The USC-Notre Dame rivalry has been brutally one-sided on the field in the past decade. Since Pete Carroll lost to ND in his debut season, the Trojans' average victory margin over their archrival is almost four touchdowns.
As lopsided as the series has been, however, the Irish have done a remarkable job of winning some of the significant recruiting battles, even when the Trojans are in the mix, and even when the battle is waged in USC's own backyard.
Charlie Weis' first recruiting win against USC came in 2006, when all-everything offensive tackle recruit Sam Young chose the Irish over USC and Florida, among others. At the time, Young cited his relationship with then-Irish line coach John Latina. Young's decision was a big deal to the Irish staff because it wasn't just that they landed the 6-foot-8, 300-pounder, but it was whom they beat to get him.
"It was our first full class," said Rob Ianello, Notre Dame's recruiting coordinator. "And so for us to get a guy of Sam's caliber, it made a huge statement that we want to be a player and that we're gonna be a player on the national recruiting scene."
The Irish made an even bigger statement a few months later, in April, when Notre Dame landed the commitment of QB Jimmy Clausen, a celebrated passer from Southern California whom the Trojans (along with seemingly every other program in the nation) had been recruiting hard. The hype around Clausen was unprecedented. His private quarterback coach, Steve Clarkson -- the same guy who groomed USC great Matt Leinart -- called Clausen the "LeBron James of high school football."
Of course, it is worth pointing out that many factors go into a recruit's decision-making process. USC already had Mark Sanchez in the program when Clausen was looking at schools, so the path into the starting lineup wasn't as clear at USC. Still, Clausen's announcement really resonated around the college football world, especially since he had his press conference at the College Football Hall of Fame the same weekend as the Irish's spring game.
"It really was a huge, huge thing for us," Ianello said of Clausen's commitment. "That made a statement about us and the direction we were headed."
It may have, but the reality was that the Trojans were still winning most of the time they went up against the Irish for recruits. The Trojans beat the Irish for such blue-chippers as safety Taylor Mays, linebacker Chris Galippo, offensive tackle Tyron Smith, receiver Brice Butler and a host of players who took official visits to Notre Dame: linemen Everson Griffen and Butch Lewis, linebacker Malcolm Smith, and most recently defensive backs Jawanza Starling and Byron Moore, among others.
A source inside the USC program acknowledged that the Irish have done a good job recruiting. Two years ago, the Irish also beat the rest of the country -- and USC -- for the promising defensive lineman Ethan Johnson from Oregon. USC also looked closely at Armando Allen, Notre Dame's top running back.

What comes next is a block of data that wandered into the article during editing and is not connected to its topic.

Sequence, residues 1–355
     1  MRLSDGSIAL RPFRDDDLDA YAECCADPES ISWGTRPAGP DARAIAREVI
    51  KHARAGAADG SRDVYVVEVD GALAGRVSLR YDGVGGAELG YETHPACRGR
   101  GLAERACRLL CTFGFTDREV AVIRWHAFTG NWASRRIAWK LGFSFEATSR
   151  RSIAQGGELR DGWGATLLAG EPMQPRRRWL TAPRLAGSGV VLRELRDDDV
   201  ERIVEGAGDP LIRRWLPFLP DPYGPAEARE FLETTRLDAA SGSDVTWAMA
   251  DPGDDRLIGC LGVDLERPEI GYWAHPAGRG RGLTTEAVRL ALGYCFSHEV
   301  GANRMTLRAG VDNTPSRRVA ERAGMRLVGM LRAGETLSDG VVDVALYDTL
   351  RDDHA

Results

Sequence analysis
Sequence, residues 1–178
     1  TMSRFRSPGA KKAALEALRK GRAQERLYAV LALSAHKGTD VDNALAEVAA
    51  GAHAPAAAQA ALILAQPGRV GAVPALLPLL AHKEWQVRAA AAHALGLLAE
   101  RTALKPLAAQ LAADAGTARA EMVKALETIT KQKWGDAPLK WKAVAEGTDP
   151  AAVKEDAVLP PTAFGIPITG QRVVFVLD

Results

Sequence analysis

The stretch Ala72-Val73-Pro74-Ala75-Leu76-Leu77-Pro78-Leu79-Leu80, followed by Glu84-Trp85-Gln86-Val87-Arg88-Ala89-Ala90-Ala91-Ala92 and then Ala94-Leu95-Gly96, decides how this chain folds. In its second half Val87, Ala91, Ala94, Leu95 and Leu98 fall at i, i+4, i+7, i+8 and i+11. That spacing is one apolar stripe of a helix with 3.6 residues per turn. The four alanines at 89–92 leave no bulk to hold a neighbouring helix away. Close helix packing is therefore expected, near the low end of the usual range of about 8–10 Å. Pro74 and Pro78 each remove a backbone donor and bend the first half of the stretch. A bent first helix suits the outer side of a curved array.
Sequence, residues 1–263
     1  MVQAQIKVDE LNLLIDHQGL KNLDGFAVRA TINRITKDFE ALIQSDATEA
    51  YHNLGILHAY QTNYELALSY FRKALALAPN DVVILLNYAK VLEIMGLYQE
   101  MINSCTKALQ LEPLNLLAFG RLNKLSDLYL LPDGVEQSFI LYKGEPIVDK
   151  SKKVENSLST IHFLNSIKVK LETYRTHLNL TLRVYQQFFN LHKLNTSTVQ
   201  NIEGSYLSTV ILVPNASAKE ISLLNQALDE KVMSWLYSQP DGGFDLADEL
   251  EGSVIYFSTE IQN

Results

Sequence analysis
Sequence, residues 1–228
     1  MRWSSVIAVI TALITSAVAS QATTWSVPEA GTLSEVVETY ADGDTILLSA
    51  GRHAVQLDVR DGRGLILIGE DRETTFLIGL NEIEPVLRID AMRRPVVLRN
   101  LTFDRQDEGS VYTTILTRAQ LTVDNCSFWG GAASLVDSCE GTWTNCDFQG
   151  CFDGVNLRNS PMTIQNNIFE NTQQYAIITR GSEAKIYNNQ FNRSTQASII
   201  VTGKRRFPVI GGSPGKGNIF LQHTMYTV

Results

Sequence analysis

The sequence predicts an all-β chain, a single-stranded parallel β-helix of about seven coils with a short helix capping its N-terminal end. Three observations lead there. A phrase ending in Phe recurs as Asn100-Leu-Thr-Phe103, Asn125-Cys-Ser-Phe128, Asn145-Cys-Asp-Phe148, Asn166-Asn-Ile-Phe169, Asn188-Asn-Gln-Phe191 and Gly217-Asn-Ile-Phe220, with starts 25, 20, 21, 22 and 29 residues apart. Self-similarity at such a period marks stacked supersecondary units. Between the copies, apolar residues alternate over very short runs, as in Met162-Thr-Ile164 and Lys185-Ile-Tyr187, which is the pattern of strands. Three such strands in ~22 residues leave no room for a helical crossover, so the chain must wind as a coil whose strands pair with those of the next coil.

Notre Dame's prowess on the recruiting trail, though, has had little effect on the outcome of these games, at least so far. The Trojans have won the previous two matchups by a combined score of 76-3. Still, in the wake of those lopsided defeats, the Irish did manage another coup of sorts last February when Manti Te'o, ESPN Scouts Inc.'s top linebacker, chose the Irish over USC, stunning many recruiting observers. After all, the Hawaiian's official visit in November hardly seemed ideal. The Irish lost to Syracuse, one of the country's worst teams, in a snowstorm. There were rumblings that Weis might get fired.
USC not only had weather on its side, but it also could tout that it had to replace its entire linebacking corps. Oh, and by the way, all of them were set to become first-day draft picks. The Trojans also had a former NFL star linebacker in Ken Norton to coach Te'o. The Trojans staff couldn't help but think: "Why wouldn't he come?" But the Irish staff had a good feeling when they did their final in-home visit with Te'o in Hawaii, and sure enough, they had reeled in perhaps their biggest defensive recruit in a generation. It felt even better knowing who came in second for him.
"A lot of times, kids are looking for different things," Ianello says. "Winning is one component, but they want to be in a good environment. We went 3-9 one year, and recruiting went very well. I think a lot of that has to do with our players because they really are outstanding ambassadors for our program."
Asked whether he could understand why it would probably surprise some folks that the Irish are winning some of these battles, despite the way the series has gone, Ianello didn't hesitate: "Maybe some people would be surprised, but those people don't know Notre Dame or what it's about."
Bruce Feldman is a senior writer for ESPN The Magazine. You can read his daily updates on his college football blog, or check out his latest book, "Meat Market: Inside the Smash-Mouth World of College Football Recruiting."